#15: Hope talks with Rachel Gazda and Talana Keister, married couple, about their Co-Nursing Experience
Listen to Rachel and Talana's interview here:
We are so very grateful to Rachel who took the time to do TWO interviews with us. So if you haven't already listened to it, please check out last week's episode #14 in which we had an amazing professional interview with Rachel about co-nursing.
When a couple co-nurses their baby, the non-gestational may produce milk by inducing lactation, or she may not. When both mothers produce milk, co-nursing is a delicate balance to insure that their combined milk production meets baby's needs. This may not always be possible, but when one of the mothers births the baby it usually is. The key is not to undershoot the amount of milk each mother will produce.
It may seem as if each mother should aim to produce a portion of the milk so that the total is a 100% supply. In reality though, the surest bet for producing enough milk for baby is for the gestational mother to aim for a full milk supply - in other words, enough milk to meet 100% of baby's needs, and the for non-gestational mother to aim to maximize her supply (which is likely to be a partial milk supply). Why?
So, at first it is generally recommended is for each mother to express her milk when the other mother is nursing the baby. (Pumping at each missed breastfeeding is similar to what a mother working outside the home might do to maintain her milk production when her caregiver is bottle-feeding her baby.) Once both mothers have established their milk productions, each may be able to experiment with dropping a pumping session (or more than one) when the other mother is nursing. If a dropped pumping session results in baby requiring supplementation when he didn't need it before or more supplementation when he did need it before, the mother may wish to resume that pumping session to maintain her prior milk production.
If a parent continues to pump when she is not nursing baby and her baby does not need this milk, there are certainly many other families who do need the milk. Please consider donating to a nonprofit milk bank or sharing your extra milk with other local families.
Some additional helpful links:
Here is a beautiful and inspirational blog post about one couple's experience of co-nursing: http://offbeathome.com/2011/02/co-breastfeeding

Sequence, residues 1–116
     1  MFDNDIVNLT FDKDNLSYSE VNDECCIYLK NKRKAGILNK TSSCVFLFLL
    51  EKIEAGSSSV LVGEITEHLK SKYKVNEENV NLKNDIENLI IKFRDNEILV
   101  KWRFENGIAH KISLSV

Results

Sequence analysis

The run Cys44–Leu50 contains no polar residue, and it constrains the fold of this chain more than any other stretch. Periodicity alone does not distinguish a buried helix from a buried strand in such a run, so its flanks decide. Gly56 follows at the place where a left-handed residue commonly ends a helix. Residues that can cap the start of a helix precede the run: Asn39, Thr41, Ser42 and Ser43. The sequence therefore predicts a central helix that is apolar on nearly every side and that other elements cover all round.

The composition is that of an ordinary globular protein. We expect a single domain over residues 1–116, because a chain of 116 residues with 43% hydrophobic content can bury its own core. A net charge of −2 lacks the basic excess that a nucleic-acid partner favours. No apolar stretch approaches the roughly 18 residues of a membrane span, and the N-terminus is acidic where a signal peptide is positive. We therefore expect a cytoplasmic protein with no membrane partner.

Jules Moon presents some excellent preliminary research on co-nursing for same-sex female couples in this paper: http://www.turningtidesmidwifery.com/research.php
And for more information on Dysphoric Milk Ejection Reflex (DMER), please see d-mer.org
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We are proud to present a series of podcasts for parents Breastfeeding Outside the Box, where we aim to support the nourishing and nurturing of babies in exceptional families - families who historically have not received the help and support they need and deserve. Our exceptional families include adoptive, intended, and foster families; gender, sexual, and racial minorities; families with special needs babies; parents who have had breast surgery; mothers with IGT or low milk production for other reasons; exclusively pumping mothers; and more.
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Breastfeeding Outside the Box aims to be as inclusive as possible. We are aware that the term "breastfeeding" has limitations: not all of our listeners have breasts and not all of our listeners are feeding at the breast. We are also aware that not all of our listeners identify as mothers. Therefore, we will regularly use the term "nursing" rather than "breastfeeding", and "parent" rather than "mother." While we cannot identify directly with every listener, as adoptive mothers who nursed their babies, Hope and I do understand what it is like to parent outside the box and will make every effort possible to embrace anyone interested in being a part of Breastfeeding Outside the Box. We also know that we are human with our own limitations and biases, and look forward to learning and growing with you. Please let us know how we can make you feel more welcome and supported.
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